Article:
were excited for people other than our friends—real people—to try it out. We
posted the link on reddit and Product Hunt and…not much happened. About 15
or so people briefly messaged Jarvis and then left. We went home, dejected, and
Two days later, Jarvis had over 5000 users and got featured on some cool sites
like these. We have now sent over 13000 reminders to over 8000 users,
and migrated our parser to wit.ai. But in the crucial first forty-eight hours, here’s how things went down.
I woke up in the middle of the night and checked Product Hunt and we were right
there, trending on the front page. People were actually trying Jarvis out. I
checked the Heroku logs. Holy shit. Logs were scrolling like
the Matrix. All was well and good, until we stopped responding to messages. I checked the logs again.
We were 500’ing all over the place. Someone sent some weird unicode that we didn’t decode properly. I woke
Daniel up and he got to debugging the issue while I messaged all our new users
to tell them that we were having issues and could they please hold on for a
second. 15 minutes later, he pushed a fix. Thank god. We could rest
easy…for about five minutes, when something else broke. We ran into our Google
Maps Geocoding API limit of 2,500 requests per day. We quickly generated a new
API key but Google said it could take a while. Meanwhile, a ton of people were
messaging Jarvis and probably bouncing because he was unresponsive. My palms
were sweaty but my knees and arms were alright. This was the most exciting
time of my life, except for the time I played this really good guy at Smash 64
at a tournament. 10 minutes later we were seeing 200s again. Luckily, Facebook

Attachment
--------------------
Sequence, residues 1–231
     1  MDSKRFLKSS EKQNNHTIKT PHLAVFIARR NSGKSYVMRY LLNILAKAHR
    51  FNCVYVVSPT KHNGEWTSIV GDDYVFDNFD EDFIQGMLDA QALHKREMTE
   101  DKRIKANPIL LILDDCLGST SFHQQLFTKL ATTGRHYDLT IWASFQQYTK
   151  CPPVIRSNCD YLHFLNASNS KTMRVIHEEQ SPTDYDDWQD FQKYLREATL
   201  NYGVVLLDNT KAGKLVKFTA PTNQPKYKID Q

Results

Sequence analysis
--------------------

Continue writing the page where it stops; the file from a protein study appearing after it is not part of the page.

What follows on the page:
buffers any requests that didn’t 200 so we could still backfill the missed
requests. We went back to sleep soon after that little incident.
Lesson learned: Be careful around Unicode.
We grabbed brunch nearby and started talking about our future billions. I upgraded
our dynos and went home and
created a test framework continued writing good tests
like any good software developer who always writes good tests.
Lesson learned: Nothing much, really. Things were pretty good at this point.
Monday morning. I woke up and everything was on fire. I checked the logs and
we were down again. Goddammit. We were getting hit with 150 requests
per minute thanks to the Lifehacker article. Luckily, the fix was super
straightforward (we had missed a unicode conversion) and I pushed it like
five minutes after waking up #mlgskills #realtalk. Jarvis was down for a
total of about 30 minutes at this point, and we probably lost a bunch of
traffic. Oh well, not much we can do about that. Then our Redis cluster
started getting really slow. Like, 1 second per query slow. It may have
had something to do with us just stuffing all our data into two keys. Then
we lost connection to the cluster and dropped some users. This was not
good. I contacted RedisToGo and they told me they were investigating it.
Eventually they managed to recover the cluster and upgrade the memory but
we had lost about a thousand users during that time. I started building a
Postgres backend because this Redis thing was clearly getting unsustainable.
Lesson learned: Use Redis for caching or message brokering and a real
database for database things. Don’t stuff all your data into a Redis list
and iterate through the list to find things. This is inefficient.
Things are getting stable. It looked like we were going to hit our API limit
with Google again but if you attach your credit card to your developer account
you can pay 50 cents for every extra 1000 requests. This is a pretty good deal,
so we did it. We also finished the migration from Redis to Postgres with very
few problems. We were still getting a shitton of users, my ex started talking
to me again, and things are looking pretty good.
Lesson learned: Make tiny, immediately useful things to validate your market.
29 Apr 2016
I wore my Fitbit to Coachella. Here’s the data I scraped from it afterwards.
Give it some time to load — at 12 samples per minute, there are about
17,280 data points per graph! Also click on the artist titles for a neat preview.